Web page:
At the June 2019 meeting of its board of trustees, the Russell Sage Foundation made a grant through its Future of Work program to support a research project led by psychologist Anna Gassman-Pines (Duke University) and economist Elizabeth Ananat (Barnard College). The project was originally designed to evaluate the effects of a new labor law, Philadelphia’s Fair Workweek Standard, on employers, workers with young children, and their families. The study focuses on the experiences of low-wage workers in the service industries, including retail, food service, hospitality, house cleaning, delivery, and home health care. Gassman-Pines and Ananat hypothesized that the new law would reduce schedule unpredictability, thereby, reducing uncertainty and stress in the lives of low-wage workers.
A key, innovative element of this research project is daily data collection from low-wage workers on their lives and their children. The project’s first wave of data collection last fall focused on worker demographics, health and wellbeing, work history, and their wages, as well as reports on children. The second wave, from February to April 2020, is gathering updates on income changes, new jobs, and job losses.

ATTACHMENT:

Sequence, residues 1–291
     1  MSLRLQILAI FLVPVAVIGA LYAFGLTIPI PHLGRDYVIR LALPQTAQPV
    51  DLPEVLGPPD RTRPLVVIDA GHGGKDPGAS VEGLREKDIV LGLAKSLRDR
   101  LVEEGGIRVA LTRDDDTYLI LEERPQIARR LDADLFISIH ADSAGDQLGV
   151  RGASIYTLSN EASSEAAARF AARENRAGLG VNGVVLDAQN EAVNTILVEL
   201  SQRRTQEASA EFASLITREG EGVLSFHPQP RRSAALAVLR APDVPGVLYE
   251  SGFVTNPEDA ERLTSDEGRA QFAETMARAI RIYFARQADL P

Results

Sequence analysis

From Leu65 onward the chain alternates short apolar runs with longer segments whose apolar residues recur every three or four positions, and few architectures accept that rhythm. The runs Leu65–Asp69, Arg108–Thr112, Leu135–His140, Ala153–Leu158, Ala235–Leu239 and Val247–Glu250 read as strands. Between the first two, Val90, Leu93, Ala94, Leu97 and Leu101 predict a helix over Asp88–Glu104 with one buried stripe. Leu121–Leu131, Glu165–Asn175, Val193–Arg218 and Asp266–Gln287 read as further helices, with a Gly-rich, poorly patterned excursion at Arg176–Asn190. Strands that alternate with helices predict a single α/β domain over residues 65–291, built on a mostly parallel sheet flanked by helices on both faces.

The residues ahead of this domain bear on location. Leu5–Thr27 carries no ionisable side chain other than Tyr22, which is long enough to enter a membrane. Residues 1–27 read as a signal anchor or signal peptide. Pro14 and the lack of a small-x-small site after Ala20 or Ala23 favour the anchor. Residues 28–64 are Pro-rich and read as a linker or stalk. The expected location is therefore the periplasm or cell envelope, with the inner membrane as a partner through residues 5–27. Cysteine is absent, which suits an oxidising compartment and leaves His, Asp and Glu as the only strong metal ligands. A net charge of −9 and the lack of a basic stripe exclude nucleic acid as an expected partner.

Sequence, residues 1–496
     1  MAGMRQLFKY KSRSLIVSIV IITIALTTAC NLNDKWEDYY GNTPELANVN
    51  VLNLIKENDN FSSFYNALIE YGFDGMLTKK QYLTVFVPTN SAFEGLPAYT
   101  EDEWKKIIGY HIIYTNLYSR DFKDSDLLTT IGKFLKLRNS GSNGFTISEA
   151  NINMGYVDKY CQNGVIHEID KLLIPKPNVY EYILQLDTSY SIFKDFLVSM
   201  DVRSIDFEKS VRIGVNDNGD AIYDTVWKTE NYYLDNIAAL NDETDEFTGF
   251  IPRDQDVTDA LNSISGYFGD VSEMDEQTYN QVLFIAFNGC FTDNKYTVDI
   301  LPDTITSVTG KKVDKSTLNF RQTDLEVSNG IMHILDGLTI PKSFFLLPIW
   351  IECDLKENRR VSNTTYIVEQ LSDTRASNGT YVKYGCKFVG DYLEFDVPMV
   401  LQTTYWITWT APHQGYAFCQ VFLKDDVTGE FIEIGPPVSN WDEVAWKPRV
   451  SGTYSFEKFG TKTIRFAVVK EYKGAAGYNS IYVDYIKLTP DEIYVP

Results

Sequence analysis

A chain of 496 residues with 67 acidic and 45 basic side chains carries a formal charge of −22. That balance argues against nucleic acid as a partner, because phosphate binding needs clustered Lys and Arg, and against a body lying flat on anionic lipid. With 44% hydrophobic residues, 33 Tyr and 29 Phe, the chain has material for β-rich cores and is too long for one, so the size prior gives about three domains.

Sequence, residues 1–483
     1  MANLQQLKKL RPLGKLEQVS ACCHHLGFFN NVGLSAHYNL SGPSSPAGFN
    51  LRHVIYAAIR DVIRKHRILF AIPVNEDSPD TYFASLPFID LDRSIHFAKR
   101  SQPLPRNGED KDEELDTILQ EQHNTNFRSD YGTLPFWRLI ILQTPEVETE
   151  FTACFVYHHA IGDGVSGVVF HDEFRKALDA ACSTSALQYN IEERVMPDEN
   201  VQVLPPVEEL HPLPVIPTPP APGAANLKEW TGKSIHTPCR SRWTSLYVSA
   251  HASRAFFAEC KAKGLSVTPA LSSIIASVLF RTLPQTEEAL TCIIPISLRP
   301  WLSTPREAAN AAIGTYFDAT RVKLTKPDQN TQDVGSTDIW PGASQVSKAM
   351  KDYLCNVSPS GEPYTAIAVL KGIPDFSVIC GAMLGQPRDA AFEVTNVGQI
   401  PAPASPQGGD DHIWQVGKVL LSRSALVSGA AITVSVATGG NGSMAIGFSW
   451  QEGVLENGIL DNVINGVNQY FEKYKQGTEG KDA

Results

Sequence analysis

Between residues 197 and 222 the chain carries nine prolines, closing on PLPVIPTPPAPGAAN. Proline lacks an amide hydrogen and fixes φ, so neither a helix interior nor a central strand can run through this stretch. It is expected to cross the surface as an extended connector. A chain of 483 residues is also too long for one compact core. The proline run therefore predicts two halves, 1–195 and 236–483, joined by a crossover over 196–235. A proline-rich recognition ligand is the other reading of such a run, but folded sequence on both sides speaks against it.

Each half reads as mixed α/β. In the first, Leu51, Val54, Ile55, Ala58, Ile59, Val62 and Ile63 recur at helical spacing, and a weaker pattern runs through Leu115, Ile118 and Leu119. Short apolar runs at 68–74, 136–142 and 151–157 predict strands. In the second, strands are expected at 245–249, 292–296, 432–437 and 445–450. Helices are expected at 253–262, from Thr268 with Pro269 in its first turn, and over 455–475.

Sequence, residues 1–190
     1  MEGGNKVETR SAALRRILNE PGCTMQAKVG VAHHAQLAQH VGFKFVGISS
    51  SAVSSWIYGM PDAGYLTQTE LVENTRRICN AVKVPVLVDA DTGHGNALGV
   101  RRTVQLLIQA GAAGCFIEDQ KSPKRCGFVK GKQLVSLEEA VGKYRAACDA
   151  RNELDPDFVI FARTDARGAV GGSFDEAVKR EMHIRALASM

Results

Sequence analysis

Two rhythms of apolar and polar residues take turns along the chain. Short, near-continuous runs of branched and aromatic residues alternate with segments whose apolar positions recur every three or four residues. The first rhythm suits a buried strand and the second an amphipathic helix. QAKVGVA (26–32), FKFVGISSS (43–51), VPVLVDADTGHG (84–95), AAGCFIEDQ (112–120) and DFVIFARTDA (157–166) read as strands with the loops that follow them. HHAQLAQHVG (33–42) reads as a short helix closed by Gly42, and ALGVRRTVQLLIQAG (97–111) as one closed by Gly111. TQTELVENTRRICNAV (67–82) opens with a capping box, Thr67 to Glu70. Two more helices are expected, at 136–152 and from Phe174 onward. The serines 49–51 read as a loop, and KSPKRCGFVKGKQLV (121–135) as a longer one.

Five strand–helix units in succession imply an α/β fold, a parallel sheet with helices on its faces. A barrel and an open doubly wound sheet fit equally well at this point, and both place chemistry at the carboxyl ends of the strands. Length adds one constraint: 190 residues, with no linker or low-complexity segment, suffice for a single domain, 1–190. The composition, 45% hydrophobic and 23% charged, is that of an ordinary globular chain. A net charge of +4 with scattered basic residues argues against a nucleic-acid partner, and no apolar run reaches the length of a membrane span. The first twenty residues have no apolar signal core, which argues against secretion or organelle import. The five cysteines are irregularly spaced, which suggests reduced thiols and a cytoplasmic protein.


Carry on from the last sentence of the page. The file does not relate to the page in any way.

EconoFact recently published findings from Gassman-Pines and Ananat’s research. Alix Gould-Werth, Director of Family Economic Security Policy at the Washington Center for Equitable Growth (one of the study’s funders), created an informative Twitter thread that outlines data from the scholars’ research in an accessible way. Their project was also featured in an article on FiveThirtyEight.com about how the COVID-19 crisis is affecting low-wage families.
Since the study’s second wave of data collection began in late February, the COVID-19 pandemic has claimed more than 20,000 lives in the United States, prompted widespread closures of non-essential businesses, and led to drastic spikes in unemployment claims by newly jobless Americans. Gassman-Pines and Ananat’s data and analysis offers invaluable information about how low-wage workers are being impacted by the pandemic. In March, more than 70% of survey respondents reported working fewer hours; more than 40% were laid off from their jobs. Workers reported significant psychological distress for both themselves and their children as the crisis began to unfold. The surveys reveal a disturbing lack of access to the social safety net, with incredibly few respondents’ receiving unemployment insurance, emergency childcare, free school meals, and distance learning for children whose schools were closed. The survey reflects dire predictions about low-wage American families’ lack of financial preparedness for crises. More than half of the families who were able to provide an estimate indicated that they would be unable to pay for groceries or housing by the end of May 2020.
As the country braces for the continued impact of COVID-19, RSF will look to scholars like Gassman-Pines and Ananat for data, analysis, and policy recommendations that help us understand and address this unprecedented public health and financial crisis while prioritizing the experiences and concerns of the most marginalized families and communities.